Schlesinger —who was an influential social historian at Ohio State University and Harvard Universitywhere he directed many PhD dissertations in American history. Schlesinger attended the Phillips Exeter AcademyNew Hampshireand received his first degree at the age of 20 from Harvard Collegewhere he graduated summa cum laude in After failing his military medical examination, Schlesinger joined the Office of War Information.
Page viii Preface War II there had to be a sea change in American foreign policy—the country no longer could follow the wisdom of President George Washington and remain apart from the world, intervening only to change the wicked ways of Europe and, in —, of East Asia.
They did not appreciate the postwar military weakness of the country, both in conventional and in nuclear arms; the American nation possessed a near totally ineffective army and had neither sufficient nuclear weapons nor the means to deliver them.
If anything the revisionists, myopic to a fault, believed the American arsenal, conventional and nuclear, was too strong, that it threatened the Soviet Union. Similarly the revisionists misestimated the man they considered the mastermind of the cold war.
They did not see that he was one of the most clearheaded, farsighted presidents ever to occupy the office of chief executive of the United States. He possessed an ability to stand away from his own feelings, to subtract his personality from whatever he was contemplating, to consult only the need to ensure the future of the Republic.
It was an altogether remarkable presidency, and the essays that follow seek to point that out. I have felt some hesitation in writing about scholarly friends who would like to forget their lapses of years ago. The decades have passed, and my friend of that earlier time, William A.
Williams, has now passsed on; I always admired him personally, and it is difficult to criticize him. Another good friend has had trouble with eyesight, no longer able to read as he would wish, and it is saddening to think of his present-day plight.
One can only say that the larger task is to help set the record straight. In that regard, and I confess it, I celebrate the president from Independence, Missouri.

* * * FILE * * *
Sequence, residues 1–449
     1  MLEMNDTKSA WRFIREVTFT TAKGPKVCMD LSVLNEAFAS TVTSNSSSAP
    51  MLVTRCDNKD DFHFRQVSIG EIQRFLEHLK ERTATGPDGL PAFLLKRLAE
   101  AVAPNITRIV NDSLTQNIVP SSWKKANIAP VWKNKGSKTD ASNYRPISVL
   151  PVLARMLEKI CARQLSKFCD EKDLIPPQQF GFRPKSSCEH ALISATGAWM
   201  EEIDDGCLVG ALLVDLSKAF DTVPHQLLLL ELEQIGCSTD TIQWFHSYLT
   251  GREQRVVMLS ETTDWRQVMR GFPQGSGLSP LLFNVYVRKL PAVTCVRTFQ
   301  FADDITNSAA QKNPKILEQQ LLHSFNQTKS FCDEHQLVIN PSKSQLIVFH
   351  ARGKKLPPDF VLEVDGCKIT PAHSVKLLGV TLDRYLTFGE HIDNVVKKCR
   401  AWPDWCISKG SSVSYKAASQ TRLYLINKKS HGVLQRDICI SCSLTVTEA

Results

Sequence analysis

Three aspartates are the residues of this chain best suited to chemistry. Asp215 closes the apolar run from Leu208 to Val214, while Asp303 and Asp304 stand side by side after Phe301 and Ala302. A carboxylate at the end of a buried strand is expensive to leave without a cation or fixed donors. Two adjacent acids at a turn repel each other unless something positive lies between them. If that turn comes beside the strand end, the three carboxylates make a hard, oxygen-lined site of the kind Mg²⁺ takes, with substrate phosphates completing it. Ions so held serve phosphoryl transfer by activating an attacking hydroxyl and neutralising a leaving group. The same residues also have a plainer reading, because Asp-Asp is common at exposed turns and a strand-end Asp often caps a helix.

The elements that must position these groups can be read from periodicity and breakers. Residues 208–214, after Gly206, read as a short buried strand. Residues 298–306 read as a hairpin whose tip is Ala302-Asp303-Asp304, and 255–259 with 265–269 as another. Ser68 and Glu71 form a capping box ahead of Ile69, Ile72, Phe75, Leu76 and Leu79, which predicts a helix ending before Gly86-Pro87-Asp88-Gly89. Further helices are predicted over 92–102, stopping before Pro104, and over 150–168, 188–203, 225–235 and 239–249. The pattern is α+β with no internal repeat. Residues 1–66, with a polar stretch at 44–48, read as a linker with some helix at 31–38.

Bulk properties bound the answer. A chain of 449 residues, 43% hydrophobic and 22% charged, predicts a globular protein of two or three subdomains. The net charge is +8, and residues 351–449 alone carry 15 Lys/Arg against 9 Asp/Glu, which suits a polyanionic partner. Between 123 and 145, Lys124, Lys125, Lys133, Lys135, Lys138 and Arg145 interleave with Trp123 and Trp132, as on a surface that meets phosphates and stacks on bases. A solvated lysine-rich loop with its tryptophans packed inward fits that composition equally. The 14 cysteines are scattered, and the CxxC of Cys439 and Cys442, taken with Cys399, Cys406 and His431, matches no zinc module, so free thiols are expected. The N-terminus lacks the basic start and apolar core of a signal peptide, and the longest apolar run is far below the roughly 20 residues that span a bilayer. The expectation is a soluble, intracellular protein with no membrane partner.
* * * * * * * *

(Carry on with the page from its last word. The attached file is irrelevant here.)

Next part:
Readers of the following chapters may notice this enthusiasm. Kaplan, for assistance with several of the essays that follow; we have known each other ever since we encountered the rules of a certain graduate school. My thanks to Sadao Asada, George M.
Giangreco, John Lukacs, Robert J. Newman, and Steven L. Truman Library, and to Mitchell A. Yockelson of the National Archives.
Kirkendall, were helpful indeed. Again, I so appreciate the enthusiasm of the director and editor-in-chief of the University of Missouri Press, Beverly Jarrett, and the shrewd judgment of the managing editor, Jane Lago. Carolyn and Lorin were of large help, as always, and I look forward to a third helper they will soon make available.George N Schlesinger (Nov 7, – June 27, ) was a philosopher, rabbi, and author.
He made major contributions in the areas of philosophy of religion, and philosophy of science. He made major contributions in the areas of philosophy of religion, and philosophy of science.
Arthur Meier Schlesinger Jr. (; born Arthur Bancroft Schlesinger ; October 15, – February 28, ) was an American historian, social critic, and public intellectual. The son of the influential historian Arthur M. Schlesinger Sr.
and a specialist in American history, much of Schlesinger's work explored the history of 20th-century American liberalism. Arthur Meier Schlesinger, Jr. (born Arthur Bancroft Schlesinger; October 15, – February 28, ) was an American historian, social critic, and public intellectual, son of the influential historian Arthur M.
Schlesinger, Sr.  Eminent historian Arthur M. Schlesinger, Jr. deemed the film "morally pretentious, intellectually obscure and inordinately long a film out of control".
 It has been noted that its slow pacing often alienates modern audiences more than it did upon its initial release. Arthur M. Schlesinger Jr., who died last night in New York of a heart attack, at 89, was a Pulitzer Prize-winning historian, senior aide to John F.
Kennedy, eminent scholar, ardent liberal and movie critic. reviews of arthur m. schlesinger jr.'s earlier books: ' Orestes A. Brownson, A Pilgrim's Progress,' reviewed by Henry Steele Commager () "Mr.
Schlesinger's study of Brownson is a masterly one.